UPDATE April 2, 2021: In my conversations with you, you continue to tell me how much you miss Richard C. Young’s Intelligence Report. Dick’s monthly letter was like a trusted family member you looked forward to hearing from because you knew you’d hear the unvarnished truth. Dick wrote recently that the four most important words in investing are:
Dick then cited Fidelity Learning Center’s explanation of duration:
While no one can predict the future direction of interest rates, examining the “duration” of each bond, bond fund, or bond ETF you own provides a good estimate of how sensitive your fixed income holdings are to a potential change in interest rates. Investment professionals rely on duration because it rolls up several bond characteristics (such as maturity date, coupon payments, etc.) into a single number that gives a good indication of how sensitive a bond’s price is to interest rate changes. For example, if rates were to rise 1%, a bond or bond fund with a 5-year average duration would likely lose approximately 5% of its value.
Originally published August 30, 2017.
“I’m going to miss hearing from Dick Young every month,” said one long-time reader of Intelligence Report, “I’ve been reading his letter for 25 years. He was the best hands-down. He always wrote to me the way he saw things.” That’s a common refrain I’ve been hearing over the last couple of weeks. In an industry littered with opinions, you could always depend on the integrity of Dick Young and Intelligence Report.
Since 1998, when I first started working with Dick and Matt Young, prospective clients have been saying: They trust Mr. Young, they’ve followed his advice for years, and now that they’re older they can’t afford to make a mistake.
That’s a powerful emotion when it comes to investing: You can’t afford to make a mistake.
It’s an emotional time when you stop earning money and have more than you’ve ever had in your life.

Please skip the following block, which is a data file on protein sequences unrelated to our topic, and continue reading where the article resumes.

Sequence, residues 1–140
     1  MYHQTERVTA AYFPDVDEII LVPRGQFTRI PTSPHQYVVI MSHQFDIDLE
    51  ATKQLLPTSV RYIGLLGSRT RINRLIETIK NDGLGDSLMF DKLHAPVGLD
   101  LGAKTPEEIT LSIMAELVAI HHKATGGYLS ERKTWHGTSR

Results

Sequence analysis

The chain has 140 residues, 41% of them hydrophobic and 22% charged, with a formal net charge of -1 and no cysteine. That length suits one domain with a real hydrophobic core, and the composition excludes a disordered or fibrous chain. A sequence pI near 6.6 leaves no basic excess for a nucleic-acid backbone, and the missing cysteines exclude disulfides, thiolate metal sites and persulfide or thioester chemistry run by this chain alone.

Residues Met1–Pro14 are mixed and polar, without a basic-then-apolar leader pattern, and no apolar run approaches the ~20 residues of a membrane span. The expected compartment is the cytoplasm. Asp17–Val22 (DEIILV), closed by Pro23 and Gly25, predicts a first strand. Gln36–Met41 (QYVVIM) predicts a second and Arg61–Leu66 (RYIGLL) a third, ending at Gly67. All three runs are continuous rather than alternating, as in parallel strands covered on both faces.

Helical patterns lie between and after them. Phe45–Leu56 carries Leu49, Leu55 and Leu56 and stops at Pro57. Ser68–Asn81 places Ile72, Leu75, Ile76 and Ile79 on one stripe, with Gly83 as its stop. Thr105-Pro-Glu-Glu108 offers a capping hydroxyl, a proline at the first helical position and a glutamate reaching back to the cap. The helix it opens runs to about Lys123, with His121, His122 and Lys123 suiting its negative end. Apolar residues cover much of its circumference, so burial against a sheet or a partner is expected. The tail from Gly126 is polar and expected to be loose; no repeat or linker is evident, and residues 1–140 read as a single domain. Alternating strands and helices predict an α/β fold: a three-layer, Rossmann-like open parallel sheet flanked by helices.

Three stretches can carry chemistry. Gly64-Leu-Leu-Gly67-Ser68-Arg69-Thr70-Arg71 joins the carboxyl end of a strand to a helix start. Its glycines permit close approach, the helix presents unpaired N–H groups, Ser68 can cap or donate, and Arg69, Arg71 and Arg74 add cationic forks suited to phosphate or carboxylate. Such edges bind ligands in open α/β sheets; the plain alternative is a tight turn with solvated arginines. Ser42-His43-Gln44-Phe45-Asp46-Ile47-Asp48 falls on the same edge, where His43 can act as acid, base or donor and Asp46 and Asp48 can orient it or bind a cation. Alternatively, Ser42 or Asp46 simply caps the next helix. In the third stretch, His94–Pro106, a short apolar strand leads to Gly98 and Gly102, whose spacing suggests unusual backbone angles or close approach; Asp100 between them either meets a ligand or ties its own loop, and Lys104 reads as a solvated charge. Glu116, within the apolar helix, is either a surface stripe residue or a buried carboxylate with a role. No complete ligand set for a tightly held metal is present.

But keeping too much of your hard earned money “safe” means you and your money are in retirement mode. You can’t afford that either. It’s a brutal task managing money today, thanks to the low interest rate environment that has inflated stock prices. Or, I should say, it’s a brutal task to realize that future returns are likely to be well below expectations.
You need to have an “expectation reality check,” because things are moving fast. What do you invest in when high stock prices make you queasy and yet stocks are used as currency? Take a look at yesterday’s news, for example: United Technologies Corp. in talks to buy Rockwell Collings, Inc.
Today, the big fish are gobbling up the smaller one’s and who’s complaining? Not Rockwell’s shareholders. The stock closed at $130, up 155% from a year ago.
The environment we’re dealing with today has been manufactured. Not by workers in the mid-west busy building the things America needs, but by the so-called geniuses at the Fed. They’ve engineered low interest rates that have helped boost real estate valuations for some, especially private equity investors, but has also ignited the stock market.
Low interest rates have been the invisible tax (actually quite visible on monthly statements). And adding insult to injury, the Fed buying up bonds for its own balance sheet has left income investors searching for yield in far away places rather than the historical safe harbor of full-faith Treasuries.
Look at the charts and see the connection between the Fed’s reckless policies and what it has done to stocks. It’s truly criminal the way the savers of this country have been kicked to the side of the road in favor of Wall Street.
That’s today’s reality. If you can’t afford to make a mistake (can anyone really?), then you need to take a hard look at how you’re invested. I’d be happy to talk with you. The lessons we all have learned in Intelligence Report are never going away. You can email me anytime at email@example.com. I look forward to hearing from you.
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